BY SHARON MARTIN
It is a fact that sea levels are rising and glaciers are disappearing. For the past two years, northern Oklahoma has had an extra frost-free month in spring. Weather patterns are shifting and becoming more extreme.
You can dispute the causes of climate change, but how can you dispute climate change?
There are seven billion humans, and our numbers are expected to be nine or 10 billion by century’s end. As a result of human expansion, animal species disappear along with their habitat. Water resources are strained. The air above large cities is dangerous to breathe. Trash islands float in the ocean. Nitrogen run-off from intensive farming creates ocean dead zones.
Is it logical to believe that man has nothing to do with climate change?
We have to take responsibility. It is poor stewardship when polluters and politicians cry, “We didn’t do it!”
Conservation and alternative sources of energy are more important than corporate profits and the short-term job market. Issues like public transportation and water conservation aren’t political but ethical. That’s true, as well, for the availability of health care.
Dr. Richard Land, president of the Southern Baptist Convention’s Ethics and Religious Liberty Commission, said in an interview that social conservatives not only want to bury the Affordable Care Act, but they want it in a lead-lined coffin filled with garlic with a stake through its heart.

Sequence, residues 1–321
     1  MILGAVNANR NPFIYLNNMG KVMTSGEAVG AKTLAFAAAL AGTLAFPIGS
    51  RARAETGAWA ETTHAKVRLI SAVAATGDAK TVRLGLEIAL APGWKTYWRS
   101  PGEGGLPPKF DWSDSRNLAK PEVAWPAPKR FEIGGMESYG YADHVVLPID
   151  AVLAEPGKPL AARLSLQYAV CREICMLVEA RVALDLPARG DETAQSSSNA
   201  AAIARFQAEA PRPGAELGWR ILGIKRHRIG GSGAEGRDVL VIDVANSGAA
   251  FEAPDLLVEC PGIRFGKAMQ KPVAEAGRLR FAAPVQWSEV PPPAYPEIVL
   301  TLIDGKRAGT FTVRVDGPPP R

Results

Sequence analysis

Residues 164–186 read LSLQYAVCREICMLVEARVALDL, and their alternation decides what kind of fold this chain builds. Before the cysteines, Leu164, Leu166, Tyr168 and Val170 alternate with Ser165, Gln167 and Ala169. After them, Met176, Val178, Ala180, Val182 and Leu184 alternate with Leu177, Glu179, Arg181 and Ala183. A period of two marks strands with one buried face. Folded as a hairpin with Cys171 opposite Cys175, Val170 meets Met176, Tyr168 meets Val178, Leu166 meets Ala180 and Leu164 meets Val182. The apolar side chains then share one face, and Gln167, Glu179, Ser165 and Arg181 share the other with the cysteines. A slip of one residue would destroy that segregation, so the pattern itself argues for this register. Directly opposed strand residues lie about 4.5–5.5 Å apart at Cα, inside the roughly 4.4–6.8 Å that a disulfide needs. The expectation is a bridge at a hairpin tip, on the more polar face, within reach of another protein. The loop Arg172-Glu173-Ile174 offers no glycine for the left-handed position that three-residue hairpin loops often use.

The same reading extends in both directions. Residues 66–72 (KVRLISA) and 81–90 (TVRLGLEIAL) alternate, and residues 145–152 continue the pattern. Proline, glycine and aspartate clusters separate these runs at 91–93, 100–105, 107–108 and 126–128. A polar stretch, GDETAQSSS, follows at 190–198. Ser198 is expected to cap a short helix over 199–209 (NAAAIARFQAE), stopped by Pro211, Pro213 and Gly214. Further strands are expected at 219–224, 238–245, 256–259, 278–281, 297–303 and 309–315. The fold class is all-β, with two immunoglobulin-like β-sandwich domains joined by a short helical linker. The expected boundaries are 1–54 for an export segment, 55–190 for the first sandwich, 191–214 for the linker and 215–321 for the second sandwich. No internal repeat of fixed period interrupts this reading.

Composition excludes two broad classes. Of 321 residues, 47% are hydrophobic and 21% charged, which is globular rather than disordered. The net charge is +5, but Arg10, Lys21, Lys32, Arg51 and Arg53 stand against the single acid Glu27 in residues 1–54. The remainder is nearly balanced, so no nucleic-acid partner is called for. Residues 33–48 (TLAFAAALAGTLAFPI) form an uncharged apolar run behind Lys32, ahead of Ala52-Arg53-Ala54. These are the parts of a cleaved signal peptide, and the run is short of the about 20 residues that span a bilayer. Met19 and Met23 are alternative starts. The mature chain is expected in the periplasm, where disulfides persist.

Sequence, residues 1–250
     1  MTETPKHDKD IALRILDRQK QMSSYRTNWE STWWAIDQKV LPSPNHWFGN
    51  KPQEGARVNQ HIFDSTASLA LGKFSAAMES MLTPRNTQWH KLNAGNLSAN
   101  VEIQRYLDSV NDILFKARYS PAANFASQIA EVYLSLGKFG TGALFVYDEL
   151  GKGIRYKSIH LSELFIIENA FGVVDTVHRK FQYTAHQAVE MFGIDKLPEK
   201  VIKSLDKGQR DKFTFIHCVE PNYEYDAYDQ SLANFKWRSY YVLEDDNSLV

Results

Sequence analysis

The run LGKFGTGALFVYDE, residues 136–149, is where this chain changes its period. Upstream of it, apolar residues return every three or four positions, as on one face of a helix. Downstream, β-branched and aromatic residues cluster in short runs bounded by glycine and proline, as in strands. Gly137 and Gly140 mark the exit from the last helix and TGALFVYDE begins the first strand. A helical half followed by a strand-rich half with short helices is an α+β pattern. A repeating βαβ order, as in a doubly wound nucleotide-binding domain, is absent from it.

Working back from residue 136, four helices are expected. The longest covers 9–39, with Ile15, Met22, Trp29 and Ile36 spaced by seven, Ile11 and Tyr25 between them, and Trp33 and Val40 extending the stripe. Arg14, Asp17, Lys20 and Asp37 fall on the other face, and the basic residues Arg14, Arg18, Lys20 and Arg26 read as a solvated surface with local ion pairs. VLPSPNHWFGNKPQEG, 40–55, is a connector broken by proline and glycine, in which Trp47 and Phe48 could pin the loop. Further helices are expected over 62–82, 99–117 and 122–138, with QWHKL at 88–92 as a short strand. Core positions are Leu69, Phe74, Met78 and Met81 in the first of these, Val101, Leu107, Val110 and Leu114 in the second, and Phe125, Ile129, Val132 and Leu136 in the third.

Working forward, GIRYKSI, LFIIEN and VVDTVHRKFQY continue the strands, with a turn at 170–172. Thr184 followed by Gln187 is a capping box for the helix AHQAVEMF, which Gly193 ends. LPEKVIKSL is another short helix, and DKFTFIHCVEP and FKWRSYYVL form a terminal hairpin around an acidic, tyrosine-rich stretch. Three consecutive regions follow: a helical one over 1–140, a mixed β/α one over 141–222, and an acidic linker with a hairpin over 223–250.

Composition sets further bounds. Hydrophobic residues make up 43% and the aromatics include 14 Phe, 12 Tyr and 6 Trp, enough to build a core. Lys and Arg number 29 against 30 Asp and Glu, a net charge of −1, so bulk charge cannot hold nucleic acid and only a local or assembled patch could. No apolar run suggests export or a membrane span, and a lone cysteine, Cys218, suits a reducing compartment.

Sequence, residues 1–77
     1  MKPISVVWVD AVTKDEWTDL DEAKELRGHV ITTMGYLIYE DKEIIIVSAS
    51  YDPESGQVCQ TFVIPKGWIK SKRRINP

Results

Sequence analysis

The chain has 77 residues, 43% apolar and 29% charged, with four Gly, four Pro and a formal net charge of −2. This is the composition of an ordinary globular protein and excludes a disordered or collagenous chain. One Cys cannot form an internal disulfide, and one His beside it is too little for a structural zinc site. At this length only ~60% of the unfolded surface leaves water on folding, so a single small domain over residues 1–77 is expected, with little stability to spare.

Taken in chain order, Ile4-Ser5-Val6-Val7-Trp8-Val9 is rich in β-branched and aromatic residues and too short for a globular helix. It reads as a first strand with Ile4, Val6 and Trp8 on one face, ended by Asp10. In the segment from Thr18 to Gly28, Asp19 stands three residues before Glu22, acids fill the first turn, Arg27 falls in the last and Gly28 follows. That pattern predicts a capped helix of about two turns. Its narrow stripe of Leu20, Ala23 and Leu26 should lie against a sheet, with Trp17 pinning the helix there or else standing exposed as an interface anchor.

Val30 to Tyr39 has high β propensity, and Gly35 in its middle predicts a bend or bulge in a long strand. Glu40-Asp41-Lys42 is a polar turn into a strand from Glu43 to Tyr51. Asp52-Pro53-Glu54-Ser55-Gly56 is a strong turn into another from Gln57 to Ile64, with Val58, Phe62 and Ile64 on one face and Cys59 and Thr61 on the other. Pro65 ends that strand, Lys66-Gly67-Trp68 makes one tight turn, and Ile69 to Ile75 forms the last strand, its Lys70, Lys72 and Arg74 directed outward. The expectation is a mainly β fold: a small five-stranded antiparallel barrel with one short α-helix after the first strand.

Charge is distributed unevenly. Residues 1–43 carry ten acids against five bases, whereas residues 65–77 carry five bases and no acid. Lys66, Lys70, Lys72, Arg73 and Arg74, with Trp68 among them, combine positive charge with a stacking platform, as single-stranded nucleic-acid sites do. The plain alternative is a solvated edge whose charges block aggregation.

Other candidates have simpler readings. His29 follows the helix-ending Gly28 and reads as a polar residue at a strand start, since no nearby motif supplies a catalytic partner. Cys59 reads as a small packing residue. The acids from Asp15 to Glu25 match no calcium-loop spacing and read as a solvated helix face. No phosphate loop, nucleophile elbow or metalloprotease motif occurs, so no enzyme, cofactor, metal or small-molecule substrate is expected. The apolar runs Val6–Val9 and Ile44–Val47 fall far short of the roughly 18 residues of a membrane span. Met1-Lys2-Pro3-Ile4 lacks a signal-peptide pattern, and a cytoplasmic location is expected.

Where is the ethics in that? You can argue that the Affordable Care Act is flawed; lobbyists and special interests got involved. But isn’t a flawed law that seeks to give greater access to health care better than no law at all?
Here are some of the things the Affordable Care Act has accomplished since its passage in 2010:
— The Medicare prescription donut hole is closing.
— College students and young adults can stay on their parents’ insurance policies through age 26.
— Medicare patients and the newly insured can get annual checkups and some types of preventive care with no co-pays.
— Children under the age of 19 cannot be denied coverage due to pre-existing conditions. By 2014, no one can be denied coverage.
— Lifetime limits on coverage are eliminated.
Every one of us will need health care at some point. No one should be denied care, and no family should go bankrupt because of necessary care.
Ethical matters, including access to health care and protection of the environment, should not be used as political wedge issues. For candidates and power brokers to treat them as such is unjust and unethical.
– Sharon Martin lives in Oilton, OK and is a regular contributor to The Oklahoma Observer